As the nation veers ever closer to default and economic catastrophe, the various solutions to solving the debt ceiling impasse have become increasingly unorthodox (to put it lightly). It seems everyone's got a clever workaround or shortcut to magically resolve the nation's fiscal woes or else streamline the gridlocked political process. Notice the proposed crackpot solutions to making the August 2 deadline when the Treasury Department says the government will hit its $14.29 trillion debt ceiling.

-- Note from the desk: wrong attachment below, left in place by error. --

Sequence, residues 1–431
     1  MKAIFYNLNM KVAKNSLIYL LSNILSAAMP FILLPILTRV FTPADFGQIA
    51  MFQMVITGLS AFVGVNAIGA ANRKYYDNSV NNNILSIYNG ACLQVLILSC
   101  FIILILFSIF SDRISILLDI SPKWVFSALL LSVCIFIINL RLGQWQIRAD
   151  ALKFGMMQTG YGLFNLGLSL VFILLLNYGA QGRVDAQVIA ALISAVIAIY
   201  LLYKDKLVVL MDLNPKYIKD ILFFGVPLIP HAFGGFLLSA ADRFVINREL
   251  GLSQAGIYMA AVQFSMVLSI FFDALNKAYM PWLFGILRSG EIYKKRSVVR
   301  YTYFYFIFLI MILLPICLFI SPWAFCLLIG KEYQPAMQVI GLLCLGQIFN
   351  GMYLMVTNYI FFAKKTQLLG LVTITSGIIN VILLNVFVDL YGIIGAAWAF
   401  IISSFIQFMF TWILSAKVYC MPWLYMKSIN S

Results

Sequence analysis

Behold, the 14th Amendment, a silver bullet Yesterday Harvard law professor Laurence Tribe ruffled feathers in his New York Times op-ed saying "Several law professors and senators, and even Treasury Secretary Timothy F. Geithner, have suggested that section 4 of the 14th Amendment, known as the public debt clause, might provide a silver bullet.” The idea is that the White House wold invoke the 14th Amendment and raise the debt ceiling without Congress. Pushing back against the article, Treasury general counsel George Madison wrote a letter today responding to the op-ed: “like every previous Secretary of the Treasury who has confronted the question, Secretary Geithner has always viewed the debt limit as a binding legal constraint that can only be raised by Congress.”